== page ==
Fiber plays an important role in immune system function
By David Dunaief, M.D.
Autoimmune disease is an umbrella term that covers more than 80 different diseases (1). Among them are type 1 diabetes, lupus, rheumatoid arthritis (RA), psoriasis, multiple sclerosis, and inflammatory bowel disease. The common thread for all of them is that the body’s immune system is attacking organs, tissues and cells and causing chronic inflammation.
Unfortunately, autoimmune diseases tend to cluster (2). Once you have one, you are at high risk for acquiring others.
Typical medical protocols
Immunosuppressives are the “go-to” treatment for autoimmune issues. In RA, for example, a typical drug regimen includes TNF (tumor necrosis factor) alpha inhibitors, like Remicade (infliximab), and methotrexate. These therapies reduce underlying inflammation by suppressing the immune system and interfering with inflammatory factors. Disease-modifying anti-rheumatic drugs (DMARDs), a class that also includes Plaquenil (hydroxychloroquine), may slow or stop the progression of joint destruction and increase physical functioning.
There are several concerning factors with these treatments.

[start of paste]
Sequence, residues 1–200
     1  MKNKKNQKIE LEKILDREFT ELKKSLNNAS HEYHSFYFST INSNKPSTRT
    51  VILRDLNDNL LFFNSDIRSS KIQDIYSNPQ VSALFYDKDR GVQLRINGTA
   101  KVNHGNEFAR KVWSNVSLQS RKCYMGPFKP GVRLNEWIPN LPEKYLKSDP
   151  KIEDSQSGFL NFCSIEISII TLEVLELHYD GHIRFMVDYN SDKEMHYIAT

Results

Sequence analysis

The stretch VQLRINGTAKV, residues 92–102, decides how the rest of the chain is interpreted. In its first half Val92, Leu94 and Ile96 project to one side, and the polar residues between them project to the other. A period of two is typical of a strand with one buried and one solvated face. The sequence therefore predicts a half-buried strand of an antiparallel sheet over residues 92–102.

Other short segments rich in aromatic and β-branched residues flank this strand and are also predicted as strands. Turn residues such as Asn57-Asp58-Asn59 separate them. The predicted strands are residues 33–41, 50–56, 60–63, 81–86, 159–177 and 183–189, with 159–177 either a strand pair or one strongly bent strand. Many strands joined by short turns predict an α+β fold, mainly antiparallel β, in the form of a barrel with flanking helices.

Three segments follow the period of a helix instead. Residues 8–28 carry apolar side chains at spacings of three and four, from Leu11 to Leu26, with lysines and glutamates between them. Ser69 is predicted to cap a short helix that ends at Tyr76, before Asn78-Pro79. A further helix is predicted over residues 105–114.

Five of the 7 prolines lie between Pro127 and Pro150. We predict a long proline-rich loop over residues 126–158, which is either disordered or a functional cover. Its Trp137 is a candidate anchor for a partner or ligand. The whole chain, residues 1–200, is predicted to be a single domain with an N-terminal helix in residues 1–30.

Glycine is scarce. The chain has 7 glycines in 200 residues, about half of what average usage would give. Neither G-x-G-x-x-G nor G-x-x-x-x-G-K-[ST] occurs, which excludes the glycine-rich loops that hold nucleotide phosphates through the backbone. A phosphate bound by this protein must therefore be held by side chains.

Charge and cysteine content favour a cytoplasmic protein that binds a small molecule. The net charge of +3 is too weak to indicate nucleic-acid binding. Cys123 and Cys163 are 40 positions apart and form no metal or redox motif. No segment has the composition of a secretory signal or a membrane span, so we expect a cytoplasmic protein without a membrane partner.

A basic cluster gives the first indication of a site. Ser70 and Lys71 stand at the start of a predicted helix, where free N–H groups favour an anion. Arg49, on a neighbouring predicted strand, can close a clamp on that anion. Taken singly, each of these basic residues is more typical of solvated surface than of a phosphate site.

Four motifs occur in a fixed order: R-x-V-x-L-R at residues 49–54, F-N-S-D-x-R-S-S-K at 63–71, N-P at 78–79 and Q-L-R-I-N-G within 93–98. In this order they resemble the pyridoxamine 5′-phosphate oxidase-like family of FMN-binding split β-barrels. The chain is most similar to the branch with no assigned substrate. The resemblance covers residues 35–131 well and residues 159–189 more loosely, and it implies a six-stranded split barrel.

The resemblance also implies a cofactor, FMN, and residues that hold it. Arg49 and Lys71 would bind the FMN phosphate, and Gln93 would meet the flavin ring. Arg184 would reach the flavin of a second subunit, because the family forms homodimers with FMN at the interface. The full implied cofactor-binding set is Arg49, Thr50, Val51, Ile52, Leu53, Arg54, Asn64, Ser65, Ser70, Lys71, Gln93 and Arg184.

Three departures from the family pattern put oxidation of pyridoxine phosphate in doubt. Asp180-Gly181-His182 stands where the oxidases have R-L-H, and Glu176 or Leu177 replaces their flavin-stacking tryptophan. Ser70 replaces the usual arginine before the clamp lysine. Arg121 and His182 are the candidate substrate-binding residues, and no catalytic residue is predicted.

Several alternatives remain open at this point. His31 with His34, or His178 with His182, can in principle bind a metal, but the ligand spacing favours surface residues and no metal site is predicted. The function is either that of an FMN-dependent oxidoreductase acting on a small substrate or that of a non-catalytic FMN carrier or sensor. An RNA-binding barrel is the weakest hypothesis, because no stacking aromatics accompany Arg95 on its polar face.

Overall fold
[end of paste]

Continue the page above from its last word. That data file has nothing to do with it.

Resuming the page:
First, the side-effect profiles are substantial. They include risks for cancers, opportunistic infections and even death (3). Opportunistic infections include diseases like tuberculosis and invasive fungal infections.
It is no surprise that suppressing the immune system would increase the likelihood of infections. Nor is it surprising that cancer rates would increase, since the immune system helps fend off malignancies. One study showed that after 10 years of therapy, the risk of cancer increased by approximately fourfold with the use of immunosuppressives (4).
Second, these drugs were tested and approved using short-term clinical trials; however, many patients are prescribed these therapies for 20 or more years.
So, what other methods are available to treat autoimmune diseases?
Medical nutrition therapy